Johne's disease (JD) is granulomatous enteritis that affects a wide range of domestic and wild animals worldwide [ 1 , 2 ]. In 1895, this disease was first detected in the German state of Oldenburg [ 3 ]. Infected animals include cattle, sheep, goats, deer, camels, and wild ruminants [ 4 ]. Ingestion of feces, milk, and colostrum contaminated with MAP is the predominant mechanism of MAP transmission in dairy cattle [ 2 ]. The pathogenesis of MAP infection has recently been further studied, showing that after MAP enters the small intestine, it invades subepithelial macrophages, interferes with the formation of phagolysosomes, and remains in the phagosome, triggering humoral immune responses. Finally, the disease course changes from the preclinical stages to the period of increased bacterial shedding and the development of obvious clinical symptoms [ 3 ]. The infection's livestock and herd performance consequences have been widely studied. Most studies have shown that cows with a positive MAP contamination test have a 2-17% reduction in milk production compared to cattle with a negative test result. Reduced fertility and adverse effects on the reproduction of infected animals can also be another important complication of infected animals [ 5 ]. MAP also weakens the livestock's immune system, predisposing animals to develop clinical mastitis or other infectious diseases [ 6 ]. One of the problems in controlling MAP infection is that some infected cows may not show clinical symptoms if they are producing enough milk because they frequently shed MAP in the feces before showing symptoms, indirectly contributing to the spread of infection [ 7 ]. Due to the long incubation period of JD, clinical symptoms such as resistant watery diarrhea, weight loss, and reduced milk production are usually observed in cows over 2 years of age [ 8 ]. Many theories have been proposed regarding the potential of MAP to be involved in human Crohn's disease and infections in non-ruminant animals such as dogs and rabbits [ 9 ]. Humans become infected by consuming contaminated milk or dairy products because MAP bacilli survive in pasteurized milk [ 10 ]. Usually, no effective measures are taken to control and eradicate this disease, which imposes significant economic losses to the animal husbandry industry and the production of dairy and meat products worldwide [ 11 , 12 ]. Since there is no cure for JD, herd health control strategies are based on detecting infected hosts and their subsequent elimination to prevent transmission of infection to healthy cattle, which imposes a financial burden on herd management [ 6 , 13 ]. Due to the slow growth of MAP and the lack of sensitive tests, it is very difficult to detect subclinically infected cattle and diagnose the disease's early stages [ 10 , 14 ]. It is often impossible to distinguish between infected animals with only one diagnostic method due to their false positive and negative responses [ 15 ]. Fecal shedding of MAP organisms can be intermittent. Contamination and low fecal content of microorganisms can reduce culture results by 50% [ 16 ]. Therefore, although the culture of samples is the "gold standard," it cannot be used as a single test to accurately detect all infected animals in some herds [ 17 ]. Molecular methods based on bacterial DNA and detection of specific sequences in the genome allow hard-to-grow bacteria such as MAP to be detected in samples quickly [ 15 ]. MAP-infected animals can be detected directly through fecal PCR and detection of the IS900 or F57 fragment [ 18 ]. Comparing the results obtained in similar studies show that the relationship between different diagnostic tests and their combination can improve MAP diagnosis at the herd level [ 15 ]. Therefore, it seems that the presence of specific and sensitive diagnostic tools and a better understanding of the prevalence of JD in different parts of the world is necessary to develop control and eradication programs disease [ 14 ]. The present study aimed to estimate the amount of MAP contamination in cattle farms of the region using three laboratory detection methods. Comparing the results of these three methods can help to choose the best MAP diagnostic method to obtain accurate results in epidemiological studies and disease control in dairy cattle.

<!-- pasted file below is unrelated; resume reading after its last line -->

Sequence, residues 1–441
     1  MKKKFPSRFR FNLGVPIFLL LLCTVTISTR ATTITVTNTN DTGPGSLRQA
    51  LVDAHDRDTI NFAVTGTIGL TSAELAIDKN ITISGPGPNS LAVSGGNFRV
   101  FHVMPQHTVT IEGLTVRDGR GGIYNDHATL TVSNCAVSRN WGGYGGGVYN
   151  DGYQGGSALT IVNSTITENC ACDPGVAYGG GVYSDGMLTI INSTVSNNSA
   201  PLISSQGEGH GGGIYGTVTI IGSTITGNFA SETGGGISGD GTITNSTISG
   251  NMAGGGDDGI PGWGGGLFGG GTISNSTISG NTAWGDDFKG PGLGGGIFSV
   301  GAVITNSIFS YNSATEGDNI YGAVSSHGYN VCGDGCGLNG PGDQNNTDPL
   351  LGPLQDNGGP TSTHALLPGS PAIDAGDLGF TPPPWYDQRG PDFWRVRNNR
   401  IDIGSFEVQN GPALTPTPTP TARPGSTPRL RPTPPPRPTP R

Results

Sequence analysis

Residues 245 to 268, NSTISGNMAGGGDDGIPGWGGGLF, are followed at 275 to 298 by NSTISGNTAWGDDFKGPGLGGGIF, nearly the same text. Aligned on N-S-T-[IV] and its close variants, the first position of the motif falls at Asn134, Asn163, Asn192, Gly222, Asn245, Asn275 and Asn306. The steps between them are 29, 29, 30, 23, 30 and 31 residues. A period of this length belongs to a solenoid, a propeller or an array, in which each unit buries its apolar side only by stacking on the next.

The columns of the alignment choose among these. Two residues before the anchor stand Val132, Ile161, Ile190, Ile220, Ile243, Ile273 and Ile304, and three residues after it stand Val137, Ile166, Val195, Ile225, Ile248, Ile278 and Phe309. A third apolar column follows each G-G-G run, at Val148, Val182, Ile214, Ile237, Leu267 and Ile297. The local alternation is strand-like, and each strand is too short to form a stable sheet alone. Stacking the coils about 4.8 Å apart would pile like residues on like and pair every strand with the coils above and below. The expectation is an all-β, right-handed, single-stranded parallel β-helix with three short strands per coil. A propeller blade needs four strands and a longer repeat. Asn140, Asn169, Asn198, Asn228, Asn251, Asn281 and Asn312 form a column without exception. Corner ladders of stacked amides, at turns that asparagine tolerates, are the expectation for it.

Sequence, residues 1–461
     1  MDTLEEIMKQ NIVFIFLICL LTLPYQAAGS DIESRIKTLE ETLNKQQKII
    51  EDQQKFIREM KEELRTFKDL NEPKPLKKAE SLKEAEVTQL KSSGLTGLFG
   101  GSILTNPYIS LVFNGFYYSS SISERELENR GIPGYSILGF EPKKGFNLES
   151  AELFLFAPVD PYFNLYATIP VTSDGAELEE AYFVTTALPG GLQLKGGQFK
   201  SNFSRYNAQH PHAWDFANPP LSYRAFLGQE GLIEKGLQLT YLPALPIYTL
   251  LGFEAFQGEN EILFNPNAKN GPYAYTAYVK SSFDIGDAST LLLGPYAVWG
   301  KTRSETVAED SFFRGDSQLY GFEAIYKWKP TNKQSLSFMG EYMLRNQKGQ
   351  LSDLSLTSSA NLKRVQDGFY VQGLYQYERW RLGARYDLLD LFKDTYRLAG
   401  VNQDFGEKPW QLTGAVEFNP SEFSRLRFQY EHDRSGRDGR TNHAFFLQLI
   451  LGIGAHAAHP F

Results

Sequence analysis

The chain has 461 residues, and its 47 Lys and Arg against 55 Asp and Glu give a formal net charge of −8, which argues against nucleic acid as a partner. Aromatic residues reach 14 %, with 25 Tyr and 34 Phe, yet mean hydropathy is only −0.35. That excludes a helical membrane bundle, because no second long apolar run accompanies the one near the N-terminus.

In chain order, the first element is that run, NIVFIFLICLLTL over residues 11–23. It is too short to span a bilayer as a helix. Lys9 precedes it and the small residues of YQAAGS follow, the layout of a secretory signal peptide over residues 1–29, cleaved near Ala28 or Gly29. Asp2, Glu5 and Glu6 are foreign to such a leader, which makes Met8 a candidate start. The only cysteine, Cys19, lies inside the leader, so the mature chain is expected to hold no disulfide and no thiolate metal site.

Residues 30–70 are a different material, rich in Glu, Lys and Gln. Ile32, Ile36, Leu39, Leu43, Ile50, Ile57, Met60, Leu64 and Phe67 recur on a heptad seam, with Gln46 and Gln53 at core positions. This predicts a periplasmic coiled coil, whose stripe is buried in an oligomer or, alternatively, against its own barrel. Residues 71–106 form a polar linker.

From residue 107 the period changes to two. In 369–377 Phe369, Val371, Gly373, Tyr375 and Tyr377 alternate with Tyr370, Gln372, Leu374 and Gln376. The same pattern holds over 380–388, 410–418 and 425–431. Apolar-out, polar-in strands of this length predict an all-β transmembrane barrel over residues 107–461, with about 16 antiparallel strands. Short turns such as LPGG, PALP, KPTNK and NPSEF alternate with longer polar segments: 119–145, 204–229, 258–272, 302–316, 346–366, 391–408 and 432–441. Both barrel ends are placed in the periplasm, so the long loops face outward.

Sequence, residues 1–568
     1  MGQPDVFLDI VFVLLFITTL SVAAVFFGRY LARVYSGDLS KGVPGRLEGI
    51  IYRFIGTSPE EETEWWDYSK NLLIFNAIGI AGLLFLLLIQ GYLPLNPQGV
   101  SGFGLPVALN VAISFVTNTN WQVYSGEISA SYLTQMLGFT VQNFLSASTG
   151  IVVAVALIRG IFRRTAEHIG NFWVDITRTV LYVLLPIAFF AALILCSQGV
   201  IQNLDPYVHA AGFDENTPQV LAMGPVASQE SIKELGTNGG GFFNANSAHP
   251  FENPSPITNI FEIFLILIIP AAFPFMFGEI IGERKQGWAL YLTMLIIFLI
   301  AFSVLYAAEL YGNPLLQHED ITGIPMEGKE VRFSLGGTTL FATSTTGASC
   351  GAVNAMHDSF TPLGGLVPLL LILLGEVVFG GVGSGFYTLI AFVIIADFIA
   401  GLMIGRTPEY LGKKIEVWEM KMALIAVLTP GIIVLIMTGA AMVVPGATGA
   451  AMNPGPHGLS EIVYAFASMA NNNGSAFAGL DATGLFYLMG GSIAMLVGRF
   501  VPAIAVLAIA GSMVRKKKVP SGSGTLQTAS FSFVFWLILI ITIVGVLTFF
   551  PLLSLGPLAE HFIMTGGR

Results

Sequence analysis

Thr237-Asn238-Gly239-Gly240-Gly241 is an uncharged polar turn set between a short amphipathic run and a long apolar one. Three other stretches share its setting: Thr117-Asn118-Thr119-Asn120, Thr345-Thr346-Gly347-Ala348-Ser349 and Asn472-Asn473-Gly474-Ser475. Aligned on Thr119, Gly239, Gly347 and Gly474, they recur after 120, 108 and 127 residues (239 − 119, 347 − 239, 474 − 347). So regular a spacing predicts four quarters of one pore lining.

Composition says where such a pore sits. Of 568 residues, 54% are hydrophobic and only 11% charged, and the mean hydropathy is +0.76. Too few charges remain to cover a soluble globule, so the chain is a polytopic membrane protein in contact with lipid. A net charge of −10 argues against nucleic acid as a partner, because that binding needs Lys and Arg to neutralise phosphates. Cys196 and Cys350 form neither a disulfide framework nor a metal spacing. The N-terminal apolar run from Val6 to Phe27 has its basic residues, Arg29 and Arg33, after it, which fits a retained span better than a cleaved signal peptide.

This study tested 348 cow fecal samples for MAP contamination using different techniques. According to PCR, this disease has a prevalence rate of 33.3% (95% CI: 28.2-38.2), a culture prevalence rate of 4.3% (95% CI: 2.3-6.3), and a ZN staining prevalence rate of 6.6% (95% CI: 4-9.2). Three different prevalence rates of MAP infection were detected using three other diagnostic methods. The degree of agreement between the tests results was measured using the Kappa statistic. After analyzing the results of these three tests, it can be concluded that there is a poor agreement (kappa statistic: 0.19) between the results of ZN staining and PCR, as well as a poor agreement (kappa statistic: 0.13) between the results of the PCR test and fecal culture. First, the appearance of the culture medium was investigated by examining colony growth, followed by direct microscopic observation to obtain these results. Figure 1 shows the positive electrophoresis results of PCR products of IS900 and F57 MAP genes in 413-bp and 704-bp samples, respectively. Cows were diagnosed positive in 100% of cases of herds 1, 2, 4, 95% of cases of herd 11, 68% of cases of herd 7, and 10% of the cases of the herd 9. All tests were negative in the other 9 herds.